Philadelphia's Libyan-born Hrezi crosses the finish line Twin Cities Marathon men's race on Sunday, October 3, 2021. Photo: Richard Ooga/Mshale
Philadelphia's Libyan-born Hrezi crosses the finish line Twin Cities Marathon men's race on Sunday, October 3, 2021. Photo: Richard Ooga/Mshale

Mohamed Hrezi of Philadelphia won the Twin Cities Marathon men’s title with a time of 2 hours, 15 minutes, 22 seconds while Naomi Fulton from Hartland, Wisconsin took home the women’s title with a time of 2 hours, 45 minutes, 57 seconds.

Last year’s race was canceled due to the pandemic and race officials said that 3,192 runners completed Sunday’s 26.2 mile. 3,192 is less than half that completed in 2019. As part of COVID-19 protocols, race officials had capped entries at 4,500.

There was also no prize money in this year’s race which limited the number of elite runners like the Kenyans who have dominated it in the last 10 years, winning seven of the last 10 with the other three being taken by runners from the United States.

Libyan-born Hrezi and the women’s winner Fulton are not full-time professional runners.

Among those who ran the full marathon was Minneapolis Mayor Jacob Frey who finished with a time of 2:53:22. The starting line of the marathon was at US Bank Stadium in downtown Minneapolis and finished at the State Capitol in Saint Paul.

10 Mile Race

In the 10 Mile race, Danny Docherty of St. Paul won the men’s title in 49 minutes, 19 seconds while Rachel Drake of Portland, Oregon won the women’s 10-Mile title in 56 minutes, 41 seconds.

6,521 runners (including this writer) completed the 10-mile race.

About Tom Gitaa Gitaa, Editor-in-Chief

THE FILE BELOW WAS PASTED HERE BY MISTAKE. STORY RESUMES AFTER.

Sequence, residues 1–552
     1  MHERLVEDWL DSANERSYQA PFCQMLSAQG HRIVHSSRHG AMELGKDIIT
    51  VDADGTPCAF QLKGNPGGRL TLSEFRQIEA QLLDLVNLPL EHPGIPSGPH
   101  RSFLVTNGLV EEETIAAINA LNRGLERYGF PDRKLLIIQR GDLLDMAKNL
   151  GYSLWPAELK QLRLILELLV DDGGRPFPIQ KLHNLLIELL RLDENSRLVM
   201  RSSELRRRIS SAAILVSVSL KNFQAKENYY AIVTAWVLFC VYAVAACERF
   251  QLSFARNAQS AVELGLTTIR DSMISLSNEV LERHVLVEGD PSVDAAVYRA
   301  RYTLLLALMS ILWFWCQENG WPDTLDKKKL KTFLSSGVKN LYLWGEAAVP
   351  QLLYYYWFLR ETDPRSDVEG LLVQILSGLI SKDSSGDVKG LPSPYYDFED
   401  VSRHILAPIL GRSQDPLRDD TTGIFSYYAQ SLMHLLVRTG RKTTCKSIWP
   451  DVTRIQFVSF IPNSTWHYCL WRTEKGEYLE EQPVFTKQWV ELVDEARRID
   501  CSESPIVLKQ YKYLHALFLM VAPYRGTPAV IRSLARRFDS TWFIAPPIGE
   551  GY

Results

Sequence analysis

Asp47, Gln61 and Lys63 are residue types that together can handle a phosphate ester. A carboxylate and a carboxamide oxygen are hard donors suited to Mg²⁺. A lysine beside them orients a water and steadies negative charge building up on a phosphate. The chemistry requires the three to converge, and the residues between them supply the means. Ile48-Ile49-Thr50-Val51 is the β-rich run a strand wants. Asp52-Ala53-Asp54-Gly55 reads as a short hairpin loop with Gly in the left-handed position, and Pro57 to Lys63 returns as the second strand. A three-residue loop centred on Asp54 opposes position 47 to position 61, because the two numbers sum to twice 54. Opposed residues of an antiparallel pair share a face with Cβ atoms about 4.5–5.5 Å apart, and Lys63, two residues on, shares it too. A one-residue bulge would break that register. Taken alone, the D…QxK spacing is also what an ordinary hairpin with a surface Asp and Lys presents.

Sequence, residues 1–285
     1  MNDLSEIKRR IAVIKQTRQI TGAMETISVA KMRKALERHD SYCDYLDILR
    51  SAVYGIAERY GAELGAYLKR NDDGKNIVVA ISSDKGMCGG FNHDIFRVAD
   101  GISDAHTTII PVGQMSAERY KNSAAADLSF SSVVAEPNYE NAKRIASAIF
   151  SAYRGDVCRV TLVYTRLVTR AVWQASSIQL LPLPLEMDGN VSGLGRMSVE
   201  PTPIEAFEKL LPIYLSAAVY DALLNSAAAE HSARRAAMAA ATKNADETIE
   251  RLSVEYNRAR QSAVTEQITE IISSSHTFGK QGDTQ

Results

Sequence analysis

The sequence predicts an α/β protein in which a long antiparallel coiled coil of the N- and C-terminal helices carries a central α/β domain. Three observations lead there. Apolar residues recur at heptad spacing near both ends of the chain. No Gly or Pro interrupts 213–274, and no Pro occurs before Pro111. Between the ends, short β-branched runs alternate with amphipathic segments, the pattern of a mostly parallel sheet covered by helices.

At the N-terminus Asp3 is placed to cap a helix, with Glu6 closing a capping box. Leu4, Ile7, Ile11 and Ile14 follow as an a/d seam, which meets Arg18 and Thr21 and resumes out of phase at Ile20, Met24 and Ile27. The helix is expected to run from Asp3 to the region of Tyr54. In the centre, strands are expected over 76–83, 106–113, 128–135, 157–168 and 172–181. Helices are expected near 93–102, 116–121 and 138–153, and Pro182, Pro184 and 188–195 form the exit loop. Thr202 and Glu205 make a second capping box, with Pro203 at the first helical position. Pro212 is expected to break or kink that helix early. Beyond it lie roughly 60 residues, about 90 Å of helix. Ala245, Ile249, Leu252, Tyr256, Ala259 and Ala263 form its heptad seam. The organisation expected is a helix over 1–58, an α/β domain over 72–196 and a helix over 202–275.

Born and raised in Kenya's coastal city of Mombasa, Tom is the Founder, Editor-in-Chief and Publisher of Mshale which has been reporting on the news and culture of African immigrants in the United States since 1995. He has a BA in Business from Metro State University and a Public Leadership Credential from Harvard’s Kennedy School of Government. He was the original host of Talking Drum, the signature current affairs show on the African Broadcasting Network (ABN-America), which was available nationwide in the United States via the Dish Network satellite service. On the show, he interviewed Nobel laureates such as 2004 Nobel Peace prize winner, Professor Wangari Maathai, the first woman from Africa to win the peace prize and heads of states. Tom has served and chaired various boards including Global Minnesota (formerly Minnesota International Center), the sixth largest World Affairs Council in the United States. He has previously served as the first Black President of the Board of Directors at Books for Africa. He also serves on the boards of New Vision Foundation and the Minnesota Multicultural Media Consortium. He has previously served two terms on the board of the United Nations Association. An avid runner, he retired from running full marathons after turning 50 and now only focuses on training for half marathons.

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